Although many are aware of advance directives, there is often confusion as to the difference in various estate planning documents used either at the end of life or in connection with medical decisions.
The following is a brief description of this variety of documents and usage:
1. Living Will (Directive to Physicians). Most are familiar with this document which permits the cessation of life if the one who signs the document (a) is terminally ill (expected to die within six months as determined by your doctor) even with life-sustaining treatment or (b) has an irreversible condition such as a persistent vegetative state. There can be specific decisions such as whether one desires artificial food and water, blood transfusions, antibiotics, dialysis, surgical procedures, or even if you want to be on a ventilator among other life-sustaining options. This document is only used when the person who signed the document is no longer capable of making a decision. This document is usually used when the patient is in a hospital.
2. Out of Hospital Do Not Resuscitate Order. This document is used to instruct medical professionals (i.e., paramedics) to not resuscitate you if you stop breathing. Typically this is used outside of the hospital by the elderly or those in frail health. So, for example, paramedics would have a duty to resuscitate if you have not signed this document – even if you have signed a living will.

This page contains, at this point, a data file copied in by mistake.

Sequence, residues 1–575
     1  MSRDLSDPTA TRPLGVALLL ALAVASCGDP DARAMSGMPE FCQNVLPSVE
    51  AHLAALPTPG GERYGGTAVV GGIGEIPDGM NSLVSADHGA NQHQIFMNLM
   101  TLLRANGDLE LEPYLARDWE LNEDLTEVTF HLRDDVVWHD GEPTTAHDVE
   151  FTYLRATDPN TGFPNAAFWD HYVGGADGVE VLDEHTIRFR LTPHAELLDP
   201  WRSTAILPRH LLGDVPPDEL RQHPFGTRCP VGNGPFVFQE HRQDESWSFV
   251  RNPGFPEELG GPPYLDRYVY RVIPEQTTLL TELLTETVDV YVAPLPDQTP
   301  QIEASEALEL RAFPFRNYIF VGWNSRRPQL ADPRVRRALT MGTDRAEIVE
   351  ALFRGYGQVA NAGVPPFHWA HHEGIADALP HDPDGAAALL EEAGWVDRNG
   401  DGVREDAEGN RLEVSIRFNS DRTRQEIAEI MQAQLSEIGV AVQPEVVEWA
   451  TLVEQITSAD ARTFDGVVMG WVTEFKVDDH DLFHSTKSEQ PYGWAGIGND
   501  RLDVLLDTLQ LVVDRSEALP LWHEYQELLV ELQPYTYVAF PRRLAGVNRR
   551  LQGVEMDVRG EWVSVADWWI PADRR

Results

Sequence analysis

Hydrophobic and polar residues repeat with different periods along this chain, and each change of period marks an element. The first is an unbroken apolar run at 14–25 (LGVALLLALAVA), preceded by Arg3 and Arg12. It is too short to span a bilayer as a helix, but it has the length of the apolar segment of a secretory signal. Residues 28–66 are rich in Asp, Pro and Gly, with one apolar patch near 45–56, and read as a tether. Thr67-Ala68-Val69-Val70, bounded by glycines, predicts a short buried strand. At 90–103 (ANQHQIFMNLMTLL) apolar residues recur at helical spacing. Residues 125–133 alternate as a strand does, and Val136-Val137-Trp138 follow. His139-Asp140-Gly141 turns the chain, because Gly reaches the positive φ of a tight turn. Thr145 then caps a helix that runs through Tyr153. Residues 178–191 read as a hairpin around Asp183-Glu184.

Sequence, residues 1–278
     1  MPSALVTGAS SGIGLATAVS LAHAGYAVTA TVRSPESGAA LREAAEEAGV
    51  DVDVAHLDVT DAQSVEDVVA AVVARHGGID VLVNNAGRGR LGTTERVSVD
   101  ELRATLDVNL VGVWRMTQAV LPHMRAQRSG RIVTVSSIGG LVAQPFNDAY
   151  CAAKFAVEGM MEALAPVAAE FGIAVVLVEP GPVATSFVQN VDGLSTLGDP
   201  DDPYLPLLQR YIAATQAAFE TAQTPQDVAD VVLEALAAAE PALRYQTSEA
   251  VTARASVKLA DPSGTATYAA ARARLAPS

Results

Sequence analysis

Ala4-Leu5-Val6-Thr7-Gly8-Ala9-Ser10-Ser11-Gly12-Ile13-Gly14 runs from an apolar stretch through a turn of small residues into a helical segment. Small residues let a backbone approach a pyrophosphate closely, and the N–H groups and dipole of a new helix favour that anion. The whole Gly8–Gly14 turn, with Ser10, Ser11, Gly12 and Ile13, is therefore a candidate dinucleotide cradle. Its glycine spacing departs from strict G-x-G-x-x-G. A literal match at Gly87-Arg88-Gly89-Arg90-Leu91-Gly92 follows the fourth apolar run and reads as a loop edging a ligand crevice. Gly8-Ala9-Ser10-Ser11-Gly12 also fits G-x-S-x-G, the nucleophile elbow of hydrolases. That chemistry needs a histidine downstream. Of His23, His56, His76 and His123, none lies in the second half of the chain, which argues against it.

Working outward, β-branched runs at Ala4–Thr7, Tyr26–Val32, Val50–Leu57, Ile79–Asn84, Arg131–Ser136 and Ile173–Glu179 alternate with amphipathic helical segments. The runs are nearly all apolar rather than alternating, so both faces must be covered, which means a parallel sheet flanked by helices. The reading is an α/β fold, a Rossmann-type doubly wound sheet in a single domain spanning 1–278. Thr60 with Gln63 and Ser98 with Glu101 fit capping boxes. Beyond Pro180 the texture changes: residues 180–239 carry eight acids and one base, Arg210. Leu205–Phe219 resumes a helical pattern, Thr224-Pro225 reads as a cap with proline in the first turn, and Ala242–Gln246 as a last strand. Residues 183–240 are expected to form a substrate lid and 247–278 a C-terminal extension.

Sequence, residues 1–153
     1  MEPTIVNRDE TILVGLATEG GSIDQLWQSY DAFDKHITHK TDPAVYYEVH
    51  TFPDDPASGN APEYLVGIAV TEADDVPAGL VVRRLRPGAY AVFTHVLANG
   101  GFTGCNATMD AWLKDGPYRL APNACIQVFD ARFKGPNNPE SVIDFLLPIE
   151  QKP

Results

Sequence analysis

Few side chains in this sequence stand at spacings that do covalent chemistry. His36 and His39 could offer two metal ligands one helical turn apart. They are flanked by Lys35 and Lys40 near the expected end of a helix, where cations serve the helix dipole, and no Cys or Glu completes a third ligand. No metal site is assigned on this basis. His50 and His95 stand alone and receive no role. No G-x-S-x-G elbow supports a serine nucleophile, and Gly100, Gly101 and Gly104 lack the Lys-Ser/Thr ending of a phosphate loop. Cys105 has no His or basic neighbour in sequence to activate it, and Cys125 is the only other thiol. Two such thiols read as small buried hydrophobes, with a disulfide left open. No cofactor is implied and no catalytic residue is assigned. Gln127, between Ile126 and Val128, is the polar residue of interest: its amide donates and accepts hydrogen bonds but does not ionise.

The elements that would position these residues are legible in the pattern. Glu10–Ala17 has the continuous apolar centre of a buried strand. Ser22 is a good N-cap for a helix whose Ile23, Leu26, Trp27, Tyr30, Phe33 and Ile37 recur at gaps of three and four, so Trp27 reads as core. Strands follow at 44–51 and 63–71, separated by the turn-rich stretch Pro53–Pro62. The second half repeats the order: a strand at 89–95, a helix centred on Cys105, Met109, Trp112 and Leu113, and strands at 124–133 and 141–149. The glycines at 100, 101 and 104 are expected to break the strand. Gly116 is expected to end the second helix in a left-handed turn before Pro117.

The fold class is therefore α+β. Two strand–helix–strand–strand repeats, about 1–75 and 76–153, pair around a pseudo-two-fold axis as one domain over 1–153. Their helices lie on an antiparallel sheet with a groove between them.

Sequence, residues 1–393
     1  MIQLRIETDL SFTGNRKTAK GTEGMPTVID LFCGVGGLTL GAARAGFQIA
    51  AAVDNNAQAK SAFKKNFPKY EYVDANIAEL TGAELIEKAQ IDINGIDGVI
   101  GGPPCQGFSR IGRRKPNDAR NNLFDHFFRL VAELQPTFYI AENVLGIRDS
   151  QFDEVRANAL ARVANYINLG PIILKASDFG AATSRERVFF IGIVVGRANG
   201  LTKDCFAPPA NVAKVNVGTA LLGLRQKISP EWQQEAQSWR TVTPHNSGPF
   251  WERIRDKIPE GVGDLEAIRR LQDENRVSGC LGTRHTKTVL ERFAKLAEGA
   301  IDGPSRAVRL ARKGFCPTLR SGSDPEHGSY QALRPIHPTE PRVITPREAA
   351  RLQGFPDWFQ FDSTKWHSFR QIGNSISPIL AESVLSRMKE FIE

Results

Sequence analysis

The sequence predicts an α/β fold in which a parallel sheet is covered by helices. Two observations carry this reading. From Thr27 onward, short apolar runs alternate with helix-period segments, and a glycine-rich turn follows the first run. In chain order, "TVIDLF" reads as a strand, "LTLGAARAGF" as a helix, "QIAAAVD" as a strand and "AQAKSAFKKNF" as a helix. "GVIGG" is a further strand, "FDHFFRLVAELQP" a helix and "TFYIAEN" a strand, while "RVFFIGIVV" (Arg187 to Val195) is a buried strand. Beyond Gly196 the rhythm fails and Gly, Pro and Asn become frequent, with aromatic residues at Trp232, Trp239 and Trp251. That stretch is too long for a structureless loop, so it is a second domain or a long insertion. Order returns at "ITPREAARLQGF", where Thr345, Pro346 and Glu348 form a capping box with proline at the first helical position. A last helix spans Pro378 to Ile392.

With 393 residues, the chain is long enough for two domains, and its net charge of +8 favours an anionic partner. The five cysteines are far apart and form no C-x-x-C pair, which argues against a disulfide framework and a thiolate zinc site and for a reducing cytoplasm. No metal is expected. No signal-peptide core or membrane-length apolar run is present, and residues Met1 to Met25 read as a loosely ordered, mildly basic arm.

3. Medical Power of Attorney. This document grants someone else to make medical decisions for you when you cannot make the decisions.
4. HIPAA Authorization. As a result of the privacy laws, only you have access to your medical records. However, if this document is signed, you grant access to your medical records to those who you name if you lack medical capacity or even if you are deceased. If you granted access to your medical records in your medical power of attorney, access would cease upon your death as powers of attorney terminate at death.
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